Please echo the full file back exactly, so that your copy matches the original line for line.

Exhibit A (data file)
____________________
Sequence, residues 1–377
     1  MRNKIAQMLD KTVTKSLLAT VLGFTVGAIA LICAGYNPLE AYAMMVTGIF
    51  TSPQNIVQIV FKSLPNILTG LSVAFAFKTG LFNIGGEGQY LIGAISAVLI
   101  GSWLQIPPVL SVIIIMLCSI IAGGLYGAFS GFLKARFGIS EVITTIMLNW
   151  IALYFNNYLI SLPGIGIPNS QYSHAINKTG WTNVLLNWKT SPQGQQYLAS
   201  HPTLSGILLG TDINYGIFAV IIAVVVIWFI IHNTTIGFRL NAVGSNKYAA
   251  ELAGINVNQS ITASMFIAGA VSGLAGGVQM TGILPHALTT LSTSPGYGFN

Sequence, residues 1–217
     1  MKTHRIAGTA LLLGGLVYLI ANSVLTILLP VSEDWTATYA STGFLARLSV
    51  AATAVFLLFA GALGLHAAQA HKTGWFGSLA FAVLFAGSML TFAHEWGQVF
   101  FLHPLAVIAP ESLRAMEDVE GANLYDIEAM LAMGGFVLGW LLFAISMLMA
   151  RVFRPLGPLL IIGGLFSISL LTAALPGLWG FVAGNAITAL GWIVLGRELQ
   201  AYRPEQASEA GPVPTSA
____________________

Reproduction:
Sequence, residues 1–377
     1  MRNKIAQMLD KTVTKSLLAT VLGFTVGAIA LICAGYNPLE AYAMMVTGIF
    51  TSPQNIVQIV FKSLPNILTG LSVAFAFKTG LFNIGGEGQY LIGAISAVLI
   101  GSWLQIPPVL SVIIIMLCSI IAGGLYGAFS GFLKARFGIS EVITTIMLNW
   151  IALYFNNYLI SLPGIGIPNS QYSHAINKTG WTNVLLNWKT SPQGQQYLAS
   201  HPTLSGILLG TDINYGIFAV IIAVVVIWFI IHNTTIGFRL NAVGSNKYAA
   251  ELAGINVNQS ITASMFIAGA VSGLAGGVQM TGILPHALTT LSTSPGYGFN

Sequence, residues 1–217
     1  MKTHRIAGTA LLLGGLVYLI ANSVLTILLP VSEDWTATYA STGFLARLSV
    51  AATAVFLLFA GALGLHAAQA HKTGWFGSLA FAVLFAGSML TFAHEWGQVF
   101  FLHPLAVIAP ESLRAMEDVE GANLYDIEAM LAMGGFVLGW LLFAISMLMA
   151  RVFRPLGPLL IIGGLFSISL LTAALPGLWG FVAGNAITAL GWIVLGRELQ
   201  AYRPEQASEA GPVPTSA